As the Covid-19 pandemi continues to rage in many countries, straining health systems and economies, scientists in Germany have warned that an older Covid-19 variant named A.30 has resistance to the Pfizer and AstraZeneca Covid vaccines.
The journal 'Cellular & Molecular Immunology' published a peer-reviewed study on October 25, 2021, stating, "the SARS-CoV-2 variant A.30 can evade control by vaccine-induced antibodies and might show an increased capacity to enter cells in a cathepsin L-dependent manner, which might particularly aid in the extrapulmonary spread."
A.30: Highly-Efficient in Escaping Vaccine-Induced Antibodies
The scientists in Germany said, "Consequently, the potential spread of the A.30 variant warrants close monitoring and rapid installment of countermeasures." According to the study published in Nature, the A.30 variant probably originated in Tanzania and was detected in individuals in Angola and in Sweden.
The A.30 variant showed improved ability to enter most host cells, including kidney, liver, and lung cells. As per the research, the mutation "enters certain cell lines with increased efficiency and evades antibody-mediated neutralization."
Is There Really Anything to Worry About?
The variant, on the other hand, has not been detected for months, with the last A.30 samples reported between May and June this year, according to the Newsweek.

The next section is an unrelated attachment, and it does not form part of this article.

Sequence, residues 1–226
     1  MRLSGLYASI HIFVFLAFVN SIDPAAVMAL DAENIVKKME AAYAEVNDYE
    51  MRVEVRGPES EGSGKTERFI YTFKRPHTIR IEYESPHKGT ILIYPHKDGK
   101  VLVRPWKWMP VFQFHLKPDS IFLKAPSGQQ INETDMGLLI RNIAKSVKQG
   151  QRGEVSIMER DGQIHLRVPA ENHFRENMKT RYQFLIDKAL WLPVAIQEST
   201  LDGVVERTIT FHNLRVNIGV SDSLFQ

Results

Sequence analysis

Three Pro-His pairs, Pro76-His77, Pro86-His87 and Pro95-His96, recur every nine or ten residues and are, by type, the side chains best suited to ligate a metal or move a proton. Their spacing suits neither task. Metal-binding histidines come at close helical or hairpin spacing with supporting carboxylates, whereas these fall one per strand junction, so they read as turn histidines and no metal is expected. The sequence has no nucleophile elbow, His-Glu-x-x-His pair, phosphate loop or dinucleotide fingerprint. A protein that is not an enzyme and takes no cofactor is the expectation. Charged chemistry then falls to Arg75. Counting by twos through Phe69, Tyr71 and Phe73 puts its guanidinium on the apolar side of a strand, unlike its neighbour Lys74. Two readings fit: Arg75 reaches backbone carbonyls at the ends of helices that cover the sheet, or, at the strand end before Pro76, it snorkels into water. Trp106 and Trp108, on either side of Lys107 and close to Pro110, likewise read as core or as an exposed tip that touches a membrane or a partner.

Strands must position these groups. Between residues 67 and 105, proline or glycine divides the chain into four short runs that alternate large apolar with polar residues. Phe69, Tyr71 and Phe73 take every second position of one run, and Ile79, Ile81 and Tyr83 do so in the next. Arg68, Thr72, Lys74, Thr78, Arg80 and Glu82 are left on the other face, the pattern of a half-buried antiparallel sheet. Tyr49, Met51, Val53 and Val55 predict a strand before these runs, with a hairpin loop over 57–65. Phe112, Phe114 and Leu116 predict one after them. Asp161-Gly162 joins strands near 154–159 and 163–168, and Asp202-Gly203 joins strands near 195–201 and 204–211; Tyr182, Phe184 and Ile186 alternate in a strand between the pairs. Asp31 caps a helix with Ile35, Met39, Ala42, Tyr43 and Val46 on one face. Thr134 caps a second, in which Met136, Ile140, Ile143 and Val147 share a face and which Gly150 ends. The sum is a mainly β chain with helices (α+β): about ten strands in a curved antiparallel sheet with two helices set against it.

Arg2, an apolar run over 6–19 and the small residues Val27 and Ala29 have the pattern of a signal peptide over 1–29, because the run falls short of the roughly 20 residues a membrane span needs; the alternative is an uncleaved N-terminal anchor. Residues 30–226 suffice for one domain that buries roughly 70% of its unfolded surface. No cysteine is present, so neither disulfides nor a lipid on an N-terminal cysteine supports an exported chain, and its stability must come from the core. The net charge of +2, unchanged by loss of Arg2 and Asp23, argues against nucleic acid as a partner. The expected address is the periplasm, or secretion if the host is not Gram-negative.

According to the data from GISAID, about five cases of the A.30 variant exist throughout the world. Three of them are in Angola, one is in Sweden and one more exists in the United Kingdom. GISAID provides open-access to genomic data of influenza viruses and the coronavirus responsible for the Covid-19 pandemic. The World Health Organization (WHO) has not yet listed A.30 as a variant of interest or concern, due to its low prevalence.
Scientists Have Mixed Views on the Variant
Brian Hjelle, a professor in the Department of Pathology at the University of New Mexico, tweeted, "A.30 variant, compared with wild type B.1, indeed has impressive array of mutations and is approaching true immune escape. Needs watching."
Jeremy Kamil, associate professor of microbiology and immunology at Louisiana State University Health Shreveport, said, "It's probably already extinct."
According to Prof. Cyrille Cohen, the head of the immunology lab at Bar-Ilan University, A.30 is most likely already extinct and there is no need to be overly concerned about it.
"It could be that a variant can evade the immune system in the lab but it cannot spread fast, it does not infect a lot of people and therefore it disappears," he said, according to The Jerusalem Post.